. "2. Materials Science and Engineering and National Economic and Strategic Security." Materials Science and Engineering for the 1990s: Maintaining Competitiveness in the Age of Materials. Washington, DC: The National Academies Press, 1989.
The following HTML text is provided to enhance online
readability. Many aspects of typography translate only awkwardly to HTML.
Please use the page image
as the authoritative form to ensure accuracy.
Materials Science and Engineering for the 1990s: Maintaining Competitiveness in the Age of Materials
The recent economic performance of the eight industries has varied widely. The U.S. metals industry, which is still very large, has declined significantly overall in employment and sales over the last decade. Nonetheless, in 1988 much of the industry was operating at capacity, and exports were once again on the increase. At the other extreme, the biomaterials industry, which started from a very small base, is in a period of very rapid growth.
Table 2.3 shows the international trade balances for seven of the eight industries surveyed. The aerospace and chemical industries are healthy exporters and contribute substantially to the U.S. position in international trade. Although the trade balance for the chemical industry has declined somewhat as production of petrochemicals has grown in the Middle East and manufacture of synthetic apparel fibers has shifted to the Far East, this negative trend seems to have slowed recently. As is well known, imports of automobiles and petroleum have had an extremely negative effect on the U.S. balance of payments. A particularly worrisome trend is the decline in the trade balance for high-technology industries such as electronics and telecommunications. The biomaterials industry, in which the United States has a strong position, is omitted from the table because the industry is comparatively small.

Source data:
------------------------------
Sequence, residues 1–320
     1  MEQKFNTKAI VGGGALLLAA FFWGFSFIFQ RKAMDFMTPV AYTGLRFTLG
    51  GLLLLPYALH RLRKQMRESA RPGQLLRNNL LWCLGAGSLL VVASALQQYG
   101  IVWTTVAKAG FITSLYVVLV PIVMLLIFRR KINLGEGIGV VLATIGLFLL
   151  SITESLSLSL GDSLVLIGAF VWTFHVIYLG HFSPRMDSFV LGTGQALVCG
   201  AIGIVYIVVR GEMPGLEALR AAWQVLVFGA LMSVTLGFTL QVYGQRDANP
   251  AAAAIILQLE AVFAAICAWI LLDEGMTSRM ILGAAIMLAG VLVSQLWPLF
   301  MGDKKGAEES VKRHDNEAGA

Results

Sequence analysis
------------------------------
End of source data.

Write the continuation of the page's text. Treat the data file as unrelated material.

Of the eight industries surveyed, two are primarily producers of materials. The metals industry has a well-defined traditional role as a producer of bulk and formed metals. However, the chemical industry, which historically has been a supplier of bulk chemicals and polymers, is undergoing rapid change. American chemical companies are diversifying into biotechnology, materials for the electronics industry, ceramics, and specialty metals (such as amorphous metals prepared by rapid solidification techniques). In fact, they are becoming broad-spectrum producers of materials, with an emphasis on high-value products. To some extent, the growth of the biomaterials industry is occurring under the wing of the chemical industry.
TABLE 2.3 International Trade Balances for Seven Selected Industries (billions of dollars)
SOURCE: Data are abstracted from U.S. Industrial Outlook 1989, published by the International Trade Administration, Department of Commerce, Washington, D.C.